How focus stacking will help you create sharper photos
How focus stacking will help you create sharper photos

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Have you ever seen a macro shot of an insect or flower and wondered how they got the entire subject in focus? The answer is focus stacking. In macro photography, you shoot at a close distance, which results in a very shallow depth of field. Even if the lens is closed down to its smallest aperture such as f/22, it is difficult to achieve focus on the entire subject, foreground to background. Typically only a single plane of focus will look sharp.

Read more: How to use your f-stop to create amazing photos

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For example, notice the single plane of focus in this image, taken with my Nikon 105mm f/2.8 macro lens. Looking closely, the parts of the leaves in front of and behind the plane of focus is blurred.


So in order to achieve a greater depth of field, with sharp focus on all planes, there’s a little trick you can do in Photoshop called focus stacking.

Read more: 7 Best Macro Photography Tips for Creative Photos

What is focus stacking?

In a nutshell, you take several images of your subject, each with different areas in focus, then merge them all together in post processing. The result is one image that is perfectly focused, front to back!

 Setting up your shot

  • Use a tripod so that each shot is in the same position.
  • Choose a subject that is not moving.
  • Shoot in manual mode so your settings don’t automatically change from image to image.
  • Keep your tripod steady and try not to move your camera up or down as you change the focus points.
  • Shoot in high resolution and in raw for the best clarity.

Taking the shot

  • Use the same camera settings for the entire series of images you take.
  • Manually focus for full control.
  • Compose wide with extra room on the sides for cropping. There will be some overlapping on the edges after the images are stacked. Allow room to crop those rough edges out.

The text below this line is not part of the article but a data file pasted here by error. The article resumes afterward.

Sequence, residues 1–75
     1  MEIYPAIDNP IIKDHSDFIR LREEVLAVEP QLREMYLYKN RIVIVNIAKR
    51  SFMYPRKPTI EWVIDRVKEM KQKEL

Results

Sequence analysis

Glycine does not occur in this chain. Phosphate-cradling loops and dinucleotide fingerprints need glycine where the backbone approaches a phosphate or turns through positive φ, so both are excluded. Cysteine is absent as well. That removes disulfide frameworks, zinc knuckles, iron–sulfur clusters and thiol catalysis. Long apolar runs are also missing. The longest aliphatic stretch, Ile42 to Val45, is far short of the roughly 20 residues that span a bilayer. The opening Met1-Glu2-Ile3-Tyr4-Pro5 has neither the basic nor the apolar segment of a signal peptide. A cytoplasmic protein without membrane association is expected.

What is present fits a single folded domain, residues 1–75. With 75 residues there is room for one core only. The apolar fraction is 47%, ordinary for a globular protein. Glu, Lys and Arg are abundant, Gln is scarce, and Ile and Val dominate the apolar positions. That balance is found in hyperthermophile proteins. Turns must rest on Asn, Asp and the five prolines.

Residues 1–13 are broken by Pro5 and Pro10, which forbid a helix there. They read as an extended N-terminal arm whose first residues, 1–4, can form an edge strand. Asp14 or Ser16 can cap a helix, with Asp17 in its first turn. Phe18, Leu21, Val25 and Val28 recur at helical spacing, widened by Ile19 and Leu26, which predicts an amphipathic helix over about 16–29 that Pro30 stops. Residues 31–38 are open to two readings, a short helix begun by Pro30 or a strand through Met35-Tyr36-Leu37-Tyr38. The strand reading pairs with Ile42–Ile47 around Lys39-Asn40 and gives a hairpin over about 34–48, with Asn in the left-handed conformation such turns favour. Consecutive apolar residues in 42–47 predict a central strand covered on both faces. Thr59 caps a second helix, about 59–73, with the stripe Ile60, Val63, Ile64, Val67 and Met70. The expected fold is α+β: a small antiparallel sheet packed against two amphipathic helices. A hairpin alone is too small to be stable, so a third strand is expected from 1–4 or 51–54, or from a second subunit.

• I recommend using live view on the back of your camera rather than looking through the eyepiece for a larger view of what’s in focus.
  • Start with one area in focus and click the shutter.
  • For your next shot, move your focus point so it falls on a different area.
  • Overlap areas of focus slightly to ensure that nothing gets missed.
  • I recommend starting near the edges with your focusing, then work your way across the frame.
  • Take as many shots as you need in order to get all the areas of the image you want in focus.

Notice in this set of images I changed my areas of focus in each image, but kept the same angles and alignment. Remember, when you place a focus point on a part of your subject, it will focus not only that point, but everything within the same plane.

focus plane1focus plane2focus plane3

Post-processing/merging your images using focus stacking

1. Import your images into Lightroom or Photoshop. If you need to make any adjustments to a single image, make sure you apply those same changes to all the images so they will merge more smoothly.

2. If you are using Lightroom, export your images into their own folder once you have made adjustments.

3. Create a new file in Photoshop with each image on its own layer. Do this by choosing File>Automate>Photomerge.

4. Next, click the browse button and locate your images in your folder. Select the images you want to use then click Open.

5. Leave layout on “auto” and unselect the three options on the bottom. Click OK.

screen shot blend

6. This will put all your images in one file on separate layers.

7. Next, select all your layers in your layers palette and go to Edit>Auto Blend Layers.